I don’t know and frankly, if you’ve seen the price of a dozen eggs recently, you’ll really appreciate these little girls and all the work that they do on your behalf. [QUAKING] As a matter of fact, you may be hearing one of my chickens or ducks out there. Even as as we’re speaking. I really would urge everyone to go into the chicken biz, even if it’s a couple of hens. They are wonderful things to have around the garden, they eat every single bit of debris, they eat every bug, you could possibly ticks, roaches, spiders. I mean, you name it, if it moves, they eat it. They also eat all your kitchen scraps, which is one of the reasons I sometimes my compost is a little slow, because I don’t have any kitchen scraps to put out in the compost pile. Because the chickens eat it all. And they refine it into these fantastic eggs, which you know, you know, if you have your own eggs, they’re not anything like store bought eggs. They have a much more golden colored yolk, they whip up easily, you can make egg whites practically by hand. And they’re just fantastic for every possible of possible use.

If you have the space, chickens can be a great addition to your garden. They are known to enjoy eating berries, mealworms, and watermelon. (Photo: Art by Heather, Flickr, CC BY-NC-ND 2.0)

BASCOMB: So true. Now, what do you think might be, you know, for somebody that’s listening to us and has a little bit of spare cash wants to start something. What’s the easiest thing to get started with and maybe the most cost effective? What’s the best bang for your buck? You know, one zucchini plants gonna give us zucchini for the rest of the summer, maybe the rest of your life. But what do you think he meant in that sense?

WEISHAN: You know, a while back, there was a book and I’m paraphrasing the title was my sixty-dollar tomato?

BASCOMB: Sixty-four dollar tomato, yeah. [LAUGH]

WEISHAN: Sixty-four dollar tomato, there you go. If you look at the cost of starting a garden, it’s high. Because you have to clear the soil, you have to dig it or have it dug for you. You then have to buy the plants or start the seeds. So you’re looking at a multi-hundred dollar investment easily. And then you know people buy the tomato cages and the fertilizer and the little labels and the little fencing that goes around it. So by the time you’re all said and done you in the big box stores are married to about 200 bucks, at least. One of the greatest ways to start if you just want to start to try to do something is to grow greens in pots. I’m growing a whole crop of Bibb, various types of Bibb and small head lettuces, one called tennis ball in a trough outside my back door. And these cut and come again lettuces, they’re fantastic. You can make salads off them, and you can cut them and eat them and cut them and eat them and cut them and eat them. The way to make a garden cost effective is very simple. Keep gardening, because the startup costs are what they are, they’re fixed. So if you try it and then stop, I mean, essentially you do have the sixty-four dollar tomato. But if these costs are amortized over five years, 10 years, 15 years, then you have the fifteen cent tomato. And the pleasure of having produce that you’ve grown yourself and the sense of satisfaction and the fact that you can’t buy a lot of this produce because it’s not shippable it’s so damageable, it’s so tender often that these varieties don’t ship , so you have these incredible meals. I mean, there’s a thousand good things about it. But again, it goes back to you know what we’ve been talking about all the way along, which is this sort of realistic self awareness of gardeners. What are you actually going to do? How much time do you have to do it? How much space do you have to do it in? And do you have the right site to do it in? So, again, being realistic about what you have and what you can potentially produce will be a much more cost effective proposition.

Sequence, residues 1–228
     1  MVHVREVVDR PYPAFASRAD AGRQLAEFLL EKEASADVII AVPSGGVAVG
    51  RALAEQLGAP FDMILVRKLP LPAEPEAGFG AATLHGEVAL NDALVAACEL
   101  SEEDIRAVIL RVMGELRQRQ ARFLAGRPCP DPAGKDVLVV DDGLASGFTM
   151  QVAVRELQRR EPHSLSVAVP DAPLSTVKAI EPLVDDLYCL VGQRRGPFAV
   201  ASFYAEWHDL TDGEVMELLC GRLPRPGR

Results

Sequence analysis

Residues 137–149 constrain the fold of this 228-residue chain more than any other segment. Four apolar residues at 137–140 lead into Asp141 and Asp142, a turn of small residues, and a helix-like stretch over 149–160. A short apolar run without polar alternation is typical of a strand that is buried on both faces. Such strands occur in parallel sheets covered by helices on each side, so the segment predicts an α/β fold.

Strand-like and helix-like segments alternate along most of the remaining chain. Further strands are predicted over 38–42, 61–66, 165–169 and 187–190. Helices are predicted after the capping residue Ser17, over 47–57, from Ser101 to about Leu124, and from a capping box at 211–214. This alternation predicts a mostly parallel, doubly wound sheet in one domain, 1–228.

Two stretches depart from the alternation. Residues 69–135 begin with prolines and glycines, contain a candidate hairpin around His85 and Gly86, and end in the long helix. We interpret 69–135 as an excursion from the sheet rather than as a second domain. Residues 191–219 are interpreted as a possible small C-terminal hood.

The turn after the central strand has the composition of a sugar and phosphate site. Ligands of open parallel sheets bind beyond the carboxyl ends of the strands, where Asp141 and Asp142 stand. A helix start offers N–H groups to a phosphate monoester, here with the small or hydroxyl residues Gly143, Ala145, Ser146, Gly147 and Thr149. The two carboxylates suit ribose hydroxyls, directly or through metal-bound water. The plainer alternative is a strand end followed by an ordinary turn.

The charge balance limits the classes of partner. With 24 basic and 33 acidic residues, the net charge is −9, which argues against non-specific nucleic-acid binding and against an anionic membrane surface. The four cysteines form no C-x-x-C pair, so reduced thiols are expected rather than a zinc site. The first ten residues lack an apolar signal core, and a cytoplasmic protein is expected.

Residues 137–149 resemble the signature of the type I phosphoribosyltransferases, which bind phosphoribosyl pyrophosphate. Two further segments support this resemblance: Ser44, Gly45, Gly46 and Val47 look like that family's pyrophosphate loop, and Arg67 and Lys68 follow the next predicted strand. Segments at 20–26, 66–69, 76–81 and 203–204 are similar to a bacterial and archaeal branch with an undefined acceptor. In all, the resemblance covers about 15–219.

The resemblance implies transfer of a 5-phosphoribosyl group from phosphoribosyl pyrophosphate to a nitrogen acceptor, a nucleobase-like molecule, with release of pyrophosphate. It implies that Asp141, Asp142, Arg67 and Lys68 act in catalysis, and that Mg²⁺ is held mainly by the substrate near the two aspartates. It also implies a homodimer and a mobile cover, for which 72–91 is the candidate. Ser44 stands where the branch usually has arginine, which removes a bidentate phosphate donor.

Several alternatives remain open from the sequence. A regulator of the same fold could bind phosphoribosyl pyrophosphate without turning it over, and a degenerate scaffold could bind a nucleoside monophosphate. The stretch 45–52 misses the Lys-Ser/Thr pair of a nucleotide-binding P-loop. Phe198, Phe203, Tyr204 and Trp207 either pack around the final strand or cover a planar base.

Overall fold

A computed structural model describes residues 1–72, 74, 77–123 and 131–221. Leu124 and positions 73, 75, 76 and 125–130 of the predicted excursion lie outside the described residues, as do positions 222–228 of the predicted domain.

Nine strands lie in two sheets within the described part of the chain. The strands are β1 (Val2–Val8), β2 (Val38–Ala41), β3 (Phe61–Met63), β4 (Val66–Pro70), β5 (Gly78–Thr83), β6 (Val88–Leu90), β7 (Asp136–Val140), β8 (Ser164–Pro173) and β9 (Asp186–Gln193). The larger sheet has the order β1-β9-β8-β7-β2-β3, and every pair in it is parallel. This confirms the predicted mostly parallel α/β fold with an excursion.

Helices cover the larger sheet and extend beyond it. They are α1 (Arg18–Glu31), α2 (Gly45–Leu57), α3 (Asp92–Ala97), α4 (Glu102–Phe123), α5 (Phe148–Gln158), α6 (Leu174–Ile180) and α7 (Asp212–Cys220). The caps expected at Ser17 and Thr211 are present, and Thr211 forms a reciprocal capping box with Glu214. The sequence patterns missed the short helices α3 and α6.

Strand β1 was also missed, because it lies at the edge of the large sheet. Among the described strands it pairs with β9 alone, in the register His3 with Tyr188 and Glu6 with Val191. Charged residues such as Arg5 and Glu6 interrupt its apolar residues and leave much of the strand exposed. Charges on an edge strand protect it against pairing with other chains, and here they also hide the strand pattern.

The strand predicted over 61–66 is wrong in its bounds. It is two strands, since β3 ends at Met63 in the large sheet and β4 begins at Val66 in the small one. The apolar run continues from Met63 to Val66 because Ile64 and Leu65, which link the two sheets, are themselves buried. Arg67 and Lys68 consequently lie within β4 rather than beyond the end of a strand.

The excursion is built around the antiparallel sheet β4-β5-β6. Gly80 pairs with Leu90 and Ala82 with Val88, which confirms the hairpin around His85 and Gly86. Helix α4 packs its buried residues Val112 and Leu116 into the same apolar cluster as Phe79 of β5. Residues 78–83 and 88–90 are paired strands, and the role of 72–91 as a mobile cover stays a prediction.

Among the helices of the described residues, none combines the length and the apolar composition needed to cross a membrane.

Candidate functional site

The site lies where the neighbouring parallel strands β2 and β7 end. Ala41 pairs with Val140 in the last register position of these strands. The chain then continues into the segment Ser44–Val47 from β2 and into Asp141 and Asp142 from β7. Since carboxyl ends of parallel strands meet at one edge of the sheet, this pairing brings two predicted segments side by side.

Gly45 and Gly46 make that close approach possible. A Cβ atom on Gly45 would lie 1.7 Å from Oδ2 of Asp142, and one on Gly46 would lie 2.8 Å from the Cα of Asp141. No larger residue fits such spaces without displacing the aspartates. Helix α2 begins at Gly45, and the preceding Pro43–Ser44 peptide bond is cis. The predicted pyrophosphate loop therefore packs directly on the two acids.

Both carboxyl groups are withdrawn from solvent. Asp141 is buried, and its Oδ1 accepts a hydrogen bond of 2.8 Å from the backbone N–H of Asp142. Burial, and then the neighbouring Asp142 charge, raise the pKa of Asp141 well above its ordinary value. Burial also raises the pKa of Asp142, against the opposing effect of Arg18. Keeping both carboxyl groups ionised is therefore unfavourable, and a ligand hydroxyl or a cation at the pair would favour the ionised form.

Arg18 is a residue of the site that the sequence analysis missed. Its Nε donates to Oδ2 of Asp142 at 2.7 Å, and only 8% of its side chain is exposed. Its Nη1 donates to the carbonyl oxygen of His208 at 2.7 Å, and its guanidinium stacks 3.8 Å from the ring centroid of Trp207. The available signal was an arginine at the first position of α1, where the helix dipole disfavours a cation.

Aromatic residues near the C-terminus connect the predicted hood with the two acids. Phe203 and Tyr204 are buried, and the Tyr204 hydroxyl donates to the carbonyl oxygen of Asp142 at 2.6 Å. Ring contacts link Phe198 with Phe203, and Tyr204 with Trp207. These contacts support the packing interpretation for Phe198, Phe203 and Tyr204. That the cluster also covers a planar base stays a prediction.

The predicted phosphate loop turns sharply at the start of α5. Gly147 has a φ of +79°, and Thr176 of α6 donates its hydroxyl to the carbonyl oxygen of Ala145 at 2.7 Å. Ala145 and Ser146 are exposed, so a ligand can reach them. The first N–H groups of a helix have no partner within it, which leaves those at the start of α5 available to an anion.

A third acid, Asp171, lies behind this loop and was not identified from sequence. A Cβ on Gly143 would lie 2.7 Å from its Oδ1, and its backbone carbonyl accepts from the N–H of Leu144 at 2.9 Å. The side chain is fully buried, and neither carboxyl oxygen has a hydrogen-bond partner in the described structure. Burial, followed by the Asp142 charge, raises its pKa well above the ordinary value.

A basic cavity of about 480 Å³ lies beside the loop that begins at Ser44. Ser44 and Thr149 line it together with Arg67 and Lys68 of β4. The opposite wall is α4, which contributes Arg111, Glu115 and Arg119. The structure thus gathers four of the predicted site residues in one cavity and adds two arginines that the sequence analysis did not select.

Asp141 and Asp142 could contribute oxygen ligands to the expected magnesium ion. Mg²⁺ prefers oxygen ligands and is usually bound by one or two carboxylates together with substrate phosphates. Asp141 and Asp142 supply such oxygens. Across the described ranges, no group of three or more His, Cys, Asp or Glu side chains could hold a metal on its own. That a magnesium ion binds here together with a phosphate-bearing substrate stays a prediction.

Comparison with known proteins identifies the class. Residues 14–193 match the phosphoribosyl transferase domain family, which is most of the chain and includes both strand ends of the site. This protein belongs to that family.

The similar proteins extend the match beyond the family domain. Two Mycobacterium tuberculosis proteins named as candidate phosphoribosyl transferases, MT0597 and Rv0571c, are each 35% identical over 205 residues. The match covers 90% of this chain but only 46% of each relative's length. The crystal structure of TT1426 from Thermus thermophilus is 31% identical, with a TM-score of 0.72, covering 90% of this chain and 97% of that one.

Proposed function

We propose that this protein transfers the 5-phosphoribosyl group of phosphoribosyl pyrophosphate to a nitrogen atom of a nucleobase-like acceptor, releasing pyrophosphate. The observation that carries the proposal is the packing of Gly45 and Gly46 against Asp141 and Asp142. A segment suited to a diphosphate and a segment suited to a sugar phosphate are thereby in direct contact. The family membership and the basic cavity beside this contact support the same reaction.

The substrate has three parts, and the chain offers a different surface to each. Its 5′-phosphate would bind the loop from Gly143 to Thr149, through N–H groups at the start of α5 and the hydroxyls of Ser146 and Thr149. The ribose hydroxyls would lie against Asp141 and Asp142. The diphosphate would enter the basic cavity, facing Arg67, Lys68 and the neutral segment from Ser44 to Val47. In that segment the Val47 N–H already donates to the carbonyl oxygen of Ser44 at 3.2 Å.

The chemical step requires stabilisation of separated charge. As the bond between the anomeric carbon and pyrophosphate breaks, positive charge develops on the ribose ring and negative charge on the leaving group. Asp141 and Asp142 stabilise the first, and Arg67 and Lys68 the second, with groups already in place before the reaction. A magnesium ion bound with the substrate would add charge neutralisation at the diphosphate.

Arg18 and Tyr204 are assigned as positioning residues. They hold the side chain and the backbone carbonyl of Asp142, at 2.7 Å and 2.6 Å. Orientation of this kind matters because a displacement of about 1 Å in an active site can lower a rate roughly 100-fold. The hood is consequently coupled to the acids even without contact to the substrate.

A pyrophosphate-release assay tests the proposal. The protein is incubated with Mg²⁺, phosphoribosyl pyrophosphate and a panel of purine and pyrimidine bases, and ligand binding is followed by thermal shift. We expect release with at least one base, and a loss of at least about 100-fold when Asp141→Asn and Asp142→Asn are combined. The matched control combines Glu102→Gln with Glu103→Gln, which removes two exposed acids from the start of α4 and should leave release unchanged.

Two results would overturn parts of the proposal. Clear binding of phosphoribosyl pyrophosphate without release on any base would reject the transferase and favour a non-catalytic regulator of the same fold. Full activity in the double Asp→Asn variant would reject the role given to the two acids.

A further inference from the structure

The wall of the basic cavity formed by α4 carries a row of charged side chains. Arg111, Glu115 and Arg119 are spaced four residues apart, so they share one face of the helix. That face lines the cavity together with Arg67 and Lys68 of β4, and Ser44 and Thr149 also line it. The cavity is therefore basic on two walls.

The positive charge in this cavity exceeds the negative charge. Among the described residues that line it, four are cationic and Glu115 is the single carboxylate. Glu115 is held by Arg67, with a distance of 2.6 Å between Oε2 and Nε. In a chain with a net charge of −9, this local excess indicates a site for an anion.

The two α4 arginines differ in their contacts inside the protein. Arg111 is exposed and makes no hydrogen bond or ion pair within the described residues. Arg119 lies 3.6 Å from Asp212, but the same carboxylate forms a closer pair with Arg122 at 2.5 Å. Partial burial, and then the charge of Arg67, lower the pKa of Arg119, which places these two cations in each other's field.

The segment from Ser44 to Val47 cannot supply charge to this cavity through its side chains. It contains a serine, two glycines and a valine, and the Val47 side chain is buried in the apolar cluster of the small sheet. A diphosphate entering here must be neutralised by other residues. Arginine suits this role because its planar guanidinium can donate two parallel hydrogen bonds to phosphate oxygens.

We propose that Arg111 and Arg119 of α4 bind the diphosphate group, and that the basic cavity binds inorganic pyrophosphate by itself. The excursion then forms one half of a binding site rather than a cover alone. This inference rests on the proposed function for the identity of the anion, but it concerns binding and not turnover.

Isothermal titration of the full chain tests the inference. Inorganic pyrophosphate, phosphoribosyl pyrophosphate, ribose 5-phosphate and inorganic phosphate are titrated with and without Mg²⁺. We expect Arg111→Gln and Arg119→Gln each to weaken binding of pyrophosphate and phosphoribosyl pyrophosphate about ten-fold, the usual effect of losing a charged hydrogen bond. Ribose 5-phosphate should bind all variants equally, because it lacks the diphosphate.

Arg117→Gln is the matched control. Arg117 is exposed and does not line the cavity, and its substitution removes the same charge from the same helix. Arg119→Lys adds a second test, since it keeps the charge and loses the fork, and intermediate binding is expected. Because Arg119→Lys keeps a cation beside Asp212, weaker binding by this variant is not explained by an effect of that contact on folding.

Salvia is in the family of perennials, plants that live more than two years. Salvia is a drought tolerant plant and pollinators such as honeybees love them. (Photo: Jim & Robin, Flickr, CC BY NC 2.0)

BASCOMB: Well, Michael, I really appreciate your time today. You’ve given us lots of ideas here to avoid that sixty four dollar tomato. So thank you, and maybe we’ll talk with you again later this summer.

WEISHAN: Oh, that would be great. Maybe we can do a year end review and see what worked and what didn’t and whether I succeeded in not growing the sixty four dollar tomato.

BASCOMB: Oh, you’re a pro. I’m sure you won’t.

WEISHAN: Oh, you never know. It’s easier to fail than to succeed sometimes. So I just I just will keep my prayers to the garden gods that all goes well.

BASCOMB: That’s Living on Earth’s Bobby Bascomb speaking with our gardening guru and former host of the Victory Gardens on PBS Michael Weishan.